(Reuters Health) - Older women with cataracts who get surgery to treat the eye problem may be less likely to die prematurely than those who don’t get the operations, a recent U.S. study suggests.
Researchers examined data on 74,044 women with cataracts, including 41,735 who underwent cataract surgery. Compared to women who didn’t get operations, those who did were 60 percent less likely to die from all causes during the study period.
“The results of this study suggest that cataract surgery may have benefits beyond improving vision even in patients who are elderly or sick,” said senior study author Dr. Anne Coleman, a researcher at the Fielding School of Public Health at the University of California, Los Angeles.
Cataracts often develop with age, and by age 80 roughly half of Americans either have cataracts or have had cataract surgery, according to the National Eye Institute.
When people have a cataract, the lens in the eye becomes cloudy and things look blurry or less colorful than they should. During cataract surgery, the damaged lens is removed and replaced with an artificial lens that helps restore clear vision.
Women in the current study were 71 years old, on average, and were part of the Women’s Health Initiative, a study that has been running for more than two decades and collects information on demographics, medical conditions and lifestyle habits.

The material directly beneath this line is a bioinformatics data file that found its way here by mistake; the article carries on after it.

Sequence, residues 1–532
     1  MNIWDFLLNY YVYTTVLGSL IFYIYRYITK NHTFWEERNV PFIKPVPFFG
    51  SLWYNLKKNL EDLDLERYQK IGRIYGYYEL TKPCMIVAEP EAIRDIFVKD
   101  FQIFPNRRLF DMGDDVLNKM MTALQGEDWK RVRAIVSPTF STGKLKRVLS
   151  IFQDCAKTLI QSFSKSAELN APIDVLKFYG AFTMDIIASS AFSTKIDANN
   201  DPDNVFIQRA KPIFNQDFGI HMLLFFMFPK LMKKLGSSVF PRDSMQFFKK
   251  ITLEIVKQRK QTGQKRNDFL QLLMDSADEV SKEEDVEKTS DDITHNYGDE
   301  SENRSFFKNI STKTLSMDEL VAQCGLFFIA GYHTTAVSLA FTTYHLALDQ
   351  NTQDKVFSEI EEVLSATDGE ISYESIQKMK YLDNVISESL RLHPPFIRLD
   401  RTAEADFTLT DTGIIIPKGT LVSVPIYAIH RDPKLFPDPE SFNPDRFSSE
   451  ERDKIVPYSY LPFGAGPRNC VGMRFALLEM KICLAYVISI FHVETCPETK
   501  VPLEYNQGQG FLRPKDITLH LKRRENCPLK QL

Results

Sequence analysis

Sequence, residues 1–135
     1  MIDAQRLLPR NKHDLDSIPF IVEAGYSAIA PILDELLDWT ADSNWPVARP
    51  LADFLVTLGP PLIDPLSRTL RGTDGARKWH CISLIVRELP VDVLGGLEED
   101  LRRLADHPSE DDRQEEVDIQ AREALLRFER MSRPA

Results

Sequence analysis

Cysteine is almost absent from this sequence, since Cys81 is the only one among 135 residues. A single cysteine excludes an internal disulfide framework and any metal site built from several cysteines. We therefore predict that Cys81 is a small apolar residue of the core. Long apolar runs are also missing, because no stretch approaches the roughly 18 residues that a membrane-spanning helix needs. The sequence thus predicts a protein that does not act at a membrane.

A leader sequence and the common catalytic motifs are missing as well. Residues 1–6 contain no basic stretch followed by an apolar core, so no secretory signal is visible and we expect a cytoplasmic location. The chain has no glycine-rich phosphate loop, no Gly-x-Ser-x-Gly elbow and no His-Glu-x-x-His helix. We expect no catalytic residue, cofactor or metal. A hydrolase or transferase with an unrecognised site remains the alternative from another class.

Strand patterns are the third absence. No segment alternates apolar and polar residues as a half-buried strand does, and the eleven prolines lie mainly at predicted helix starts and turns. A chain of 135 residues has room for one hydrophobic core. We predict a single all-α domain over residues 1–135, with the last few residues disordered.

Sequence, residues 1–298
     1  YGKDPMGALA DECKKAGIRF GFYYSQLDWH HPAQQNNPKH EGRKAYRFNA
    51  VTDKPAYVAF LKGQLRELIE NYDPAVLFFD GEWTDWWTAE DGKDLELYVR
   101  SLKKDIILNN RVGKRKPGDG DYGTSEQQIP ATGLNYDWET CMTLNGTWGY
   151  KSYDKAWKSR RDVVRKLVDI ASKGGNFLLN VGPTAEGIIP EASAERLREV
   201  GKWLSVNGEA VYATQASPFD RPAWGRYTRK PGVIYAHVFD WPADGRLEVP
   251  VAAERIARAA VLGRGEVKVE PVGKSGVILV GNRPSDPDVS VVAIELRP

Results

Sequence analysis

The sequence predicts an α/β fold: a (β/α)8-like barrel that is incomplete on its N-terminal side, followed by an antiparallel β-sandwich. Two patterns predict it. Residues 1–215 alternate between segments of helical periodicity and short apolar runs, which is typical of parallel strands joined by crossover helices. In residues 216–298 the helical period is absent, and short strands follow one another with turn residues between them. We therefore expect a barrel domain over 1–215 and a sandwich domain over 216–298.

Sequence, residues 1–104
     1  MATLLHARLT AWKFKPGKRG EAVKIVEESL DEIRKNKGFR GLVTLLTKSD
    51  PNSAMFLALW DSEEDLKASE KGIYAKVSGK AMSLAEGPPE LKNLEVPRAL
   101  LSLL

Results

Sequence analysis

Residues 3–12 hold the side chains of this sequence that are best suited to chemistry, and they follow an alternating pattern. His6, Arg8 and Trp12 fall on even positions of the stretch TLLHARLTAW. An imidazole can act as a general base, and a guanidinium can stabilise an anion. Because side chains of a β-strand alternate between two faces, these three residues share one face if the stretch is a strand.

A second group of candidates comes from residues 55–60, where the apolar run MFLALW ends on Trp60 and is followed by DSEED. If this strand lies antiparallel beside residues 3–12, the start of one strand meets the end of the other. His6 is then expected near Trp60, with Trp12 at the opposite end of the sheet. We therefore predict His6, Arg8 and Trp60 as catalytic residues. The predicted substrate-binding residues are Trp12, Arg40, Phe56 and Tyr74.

From 1993 to 2013, a total of 6,878 women who had cataract surgery died, as did 6,123 women with cataracts who didn’t get the procedure.
This translates into a mortality rate from all causes of 1.5 deaths per 100 women each year in the surgery group and 2.6 deaths per 100 women each year in the other group, researchers report in JAMA Ophthalmology.
With surgery, women also had a 37 percent to 69 percent reduced risk of death due to pulmonary, accidental, infectious, neurologic and vascular diseases, and cancer, the study also found.
The study wasn’t a controlled experiment designed to prove whether or how cataract surgery might help people live longer. It’s possible that other factors influence both risk of death and likelihood of getting cataract surgery, for example.
“We cannot say for certain if people with cataracts who pass away are dying from factors specifically related to their vision loss (e.g. a fatal car accident from not being able to see well),” Coleman said by email.
“But we believe people with decreased vision have decreased overall functioning with daily activities such as exercising, taking medicine and going to doctor appointments, all of which may be related to overall lifespan,” Coleman added.
Another limitation of the study is that because it only included women, it’s not clear how surgery would influence survival odds for men, the authors note.
However, several previous studies have linked cataract surgery to lower odds of premature death for both men and women, Coleman said.
Cataracts can’t be prevented, but the study results do suggest that there are benefits to treating them, said Dr. Justine Smith, author of an accompanying editorial and a researcher at Flinders University in Adelaide, Australia.
“This research argues for ready access to cataract surgery for older women,” Smith said by email. “In a similar vein, this research argues for regular eye checks for older people.”